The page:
- 20,000 jobs were created in February, far below expectations of 180,000.
- The unemployment rate declined by 20 basis points (bps) to 3.8% and the labor force participation rate remained at 63.2%.
- Average hourly earnings were up 3.4% year-over-year, the best in 10 years.
- Despite mounting wage inflation, the Consumer Price Index increased by only 1.5% year-over-year.
- First quarter GDP growth is expected to be weak, with the Atlanta Fed forecasting it at 0.5% due to the partial government shutdown in January and lingering impact of December stock market turbulence.
- CBRE expects a bounce back in GDP growth in Q2 and full-year growth of around 2.4% as business conditions remain robust.
Commercial Real Estate Highlights:
- Retail: Retail employment shrank by 6,100 jobs in February, though food services & drinking places were up by 1,600, showing continued strength in “experience” retail.
- Office: Professional & business services and the financial activities sectors added a combined 48,000 jobs in February, bringing the monthly average since December to 36,700.
- Health Care: Growth in this sector remains encouraging, with 20,800 jobs created in February lifting the monthly average to 36,500 since December.
- Construction: Potentially due to seasonal factors, 31,000 jobs were lost in February, bringing average monthly job creation down to 12,700 for the past three months.
- Industrial: Warehousing & storage jobs increased by 3,900 in February for a monthly average of 3,700 over the past three months. Manufacturing added 4,000 jobs, bringing the monthly average to 15,000 since December.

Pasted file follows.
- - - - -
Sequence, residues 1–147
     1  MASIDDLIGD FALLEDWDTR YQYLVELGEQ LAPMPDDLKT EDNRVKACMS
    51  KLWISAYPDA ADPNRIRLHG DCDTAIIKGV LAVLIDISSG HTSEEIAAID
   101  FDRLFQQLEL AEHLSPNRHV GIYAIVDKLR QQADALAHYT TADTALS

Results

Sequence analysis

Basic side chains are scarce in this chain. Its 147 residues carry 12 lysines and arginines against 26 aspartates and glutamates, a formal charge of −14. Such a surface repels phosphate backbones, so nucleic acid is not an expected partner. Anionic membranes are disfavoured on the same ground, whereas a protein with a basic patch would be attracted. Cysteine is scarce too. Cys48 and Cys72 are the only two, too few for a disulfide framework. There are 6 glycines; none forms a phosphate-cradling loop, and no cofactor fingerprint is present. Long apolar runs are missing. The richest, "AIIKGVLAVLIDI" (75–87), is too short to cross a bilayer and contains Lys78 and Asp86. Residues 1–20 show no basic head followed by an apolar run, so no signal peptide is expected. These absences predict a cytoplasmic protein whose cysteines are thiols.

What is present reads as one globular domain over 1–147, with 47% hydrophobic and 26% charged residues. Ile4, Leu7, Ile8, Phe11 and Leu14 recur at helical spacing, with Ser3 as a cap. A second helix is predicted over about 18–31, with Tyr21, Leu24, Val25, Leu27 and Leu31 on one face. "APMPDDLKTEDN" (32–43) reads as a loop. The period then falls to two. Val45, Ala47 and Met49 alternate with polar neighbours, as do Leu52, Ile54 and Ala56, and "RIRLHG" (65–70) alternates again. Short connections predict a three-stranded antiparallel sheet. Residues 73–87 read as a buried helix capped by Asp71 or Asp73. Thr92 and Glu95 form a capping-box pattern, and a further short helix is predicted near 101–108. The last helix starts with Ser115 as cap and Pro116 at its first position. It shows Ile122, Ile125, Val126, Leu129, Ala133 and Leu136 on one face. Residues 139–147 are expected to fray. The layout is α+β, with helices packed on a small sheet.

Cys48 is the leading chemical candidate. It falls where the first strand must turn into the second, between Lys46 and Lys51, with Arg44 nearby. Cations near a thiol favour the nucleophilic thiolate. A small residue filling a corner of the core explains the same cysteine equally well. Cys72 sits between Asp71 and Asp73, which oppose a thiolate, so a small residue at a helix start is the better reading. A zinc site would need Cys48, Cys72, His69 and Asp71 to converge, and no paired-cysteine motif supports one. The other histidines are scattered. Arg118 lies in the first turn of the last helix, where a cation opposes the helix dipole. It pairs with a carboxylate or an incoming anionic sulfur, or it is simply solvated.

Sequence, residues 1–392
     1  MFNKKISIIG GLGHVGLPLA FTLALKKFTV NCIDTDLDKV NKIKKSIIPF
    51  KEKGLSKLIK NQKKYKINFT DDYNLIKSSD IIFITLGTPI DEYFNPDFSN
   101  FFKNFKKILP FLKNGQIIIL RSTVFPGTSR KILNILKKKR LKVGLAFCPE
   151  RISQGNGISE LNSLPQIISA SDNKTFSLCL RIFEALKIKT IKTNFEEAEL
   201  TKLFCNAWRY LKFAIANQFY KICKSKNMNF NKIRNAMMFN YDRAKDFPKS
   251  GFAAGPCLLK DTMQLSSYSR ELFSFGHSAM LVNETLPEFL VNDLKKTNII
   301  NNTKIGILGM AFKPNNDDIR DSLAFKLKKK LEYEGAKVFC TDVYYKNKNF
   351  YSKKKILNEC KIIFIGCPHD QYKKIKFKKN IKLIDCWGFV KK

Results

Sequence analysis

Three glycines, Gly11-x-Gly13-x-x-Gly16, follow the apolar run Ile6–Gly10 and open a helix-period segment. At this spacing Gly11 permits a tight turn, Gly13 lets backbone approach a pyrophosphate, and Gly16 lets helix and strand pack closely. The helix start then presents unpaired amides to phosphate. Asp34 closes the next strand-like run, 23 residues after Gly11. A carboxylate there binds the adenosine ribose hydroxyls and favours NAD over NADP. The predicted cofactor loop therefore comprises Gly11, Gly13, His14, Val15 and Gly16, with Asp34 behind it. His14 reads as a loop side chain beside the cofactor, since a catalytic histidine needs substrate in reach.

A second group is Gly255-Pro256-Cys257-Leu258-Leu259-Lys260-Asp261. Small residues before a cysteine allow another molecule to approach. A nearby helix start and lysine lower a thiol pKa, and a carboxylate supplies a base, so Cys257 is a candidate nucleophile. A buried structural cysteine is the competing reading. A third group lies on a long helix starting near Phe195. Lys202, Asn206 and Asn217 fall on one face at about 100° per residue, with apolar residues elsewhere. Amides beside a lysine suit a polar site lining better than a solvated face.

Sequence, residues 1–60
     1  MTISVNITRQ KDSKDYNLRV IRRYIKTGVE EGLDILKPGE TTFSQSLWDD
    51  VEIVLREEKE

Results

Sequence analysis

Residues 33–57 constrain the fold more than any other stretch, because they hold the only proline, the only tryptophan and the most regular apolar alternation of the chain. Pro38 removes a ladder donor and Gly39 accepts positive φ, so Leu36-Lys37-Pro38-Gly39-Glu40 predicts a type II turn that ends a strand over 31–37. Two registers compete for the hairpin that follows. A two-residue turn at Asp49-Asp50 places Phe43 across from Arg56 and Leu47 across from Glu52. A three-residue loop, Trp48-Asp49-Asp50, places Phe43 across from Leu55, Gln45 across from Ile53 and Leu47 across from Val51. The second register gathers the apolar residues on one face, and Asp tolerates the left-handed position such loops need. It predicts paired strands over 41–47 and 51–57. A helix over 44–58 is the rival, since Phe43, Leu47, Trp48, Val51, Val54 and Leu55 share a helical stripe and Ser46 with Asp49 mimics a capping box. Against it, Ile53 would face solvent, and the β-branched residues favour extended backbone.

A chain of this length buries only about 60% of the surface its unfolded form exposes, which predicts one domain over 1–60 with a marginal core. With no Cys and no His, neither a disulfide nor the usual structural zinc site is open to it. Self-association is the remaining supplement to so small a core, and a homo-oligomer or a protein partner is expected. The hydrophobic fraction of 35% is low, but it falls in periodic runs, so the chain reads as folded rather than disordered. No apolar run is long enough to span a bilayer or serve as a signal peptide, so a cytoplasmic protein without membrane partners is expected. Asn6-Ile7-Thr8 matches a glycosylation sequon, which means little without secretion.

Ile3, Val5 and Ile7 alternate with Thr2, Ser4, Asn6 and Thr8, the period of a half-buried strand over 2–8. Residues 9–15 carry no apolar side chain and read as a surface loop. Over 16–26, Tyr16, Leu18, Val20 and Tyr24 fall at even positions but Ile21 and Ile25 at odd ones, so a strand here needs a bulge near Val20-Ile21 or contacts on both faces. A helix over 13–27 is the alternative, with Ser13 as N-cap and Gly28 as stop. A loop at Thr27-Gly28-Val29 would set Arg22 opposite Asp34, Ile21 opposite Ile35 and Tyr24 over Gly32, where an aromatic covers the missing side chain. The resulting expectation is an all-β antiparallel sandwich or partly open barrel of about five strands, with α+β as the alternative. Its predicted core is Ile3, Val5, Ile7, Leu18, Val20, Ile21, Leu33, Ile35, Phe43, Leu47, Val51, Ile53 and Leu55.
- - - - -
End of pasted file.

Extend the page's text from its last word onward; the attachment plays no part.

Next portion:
- Multifamily: Continued job growth and strong wage gains should support household formation and overall rental demand.
- Hotels: Strong wage gains and continued growth in financial and professional & business services jobs should support demand for hotels from both leisure and business travelers.
Some seasonal factors influenced February’s job numbers, particularly in construction, which lost 31,000 jobs due to very cold weather across most of the country. The return to the employment ranks of furloughed federal workers due to January’s partial government shutdown contributed to the lower unemployment rate in February. Both the headline unemployment rate and the U-6—the unemployment rate that includes discouraged workers who have quit looking for jobs and part-time workers seeking full-time employment—saw notable declines.
Overall, the February job report, though sluggish, comports with CBRE’s view that employment growth will slow in the first half of 2019. Still, there were some silver linings in wage growth and office-using jobs. Importantly for commercial real estate, this report does not merit a change to the outlook for Fed policy, though wage inflation at its highest levels in 10 years will give some Fed hawks cause for modest additional concern.
CBRE expects that moderate job growth will continue in the coming months and overall economic conditions should remain supportive of property market fundamentals.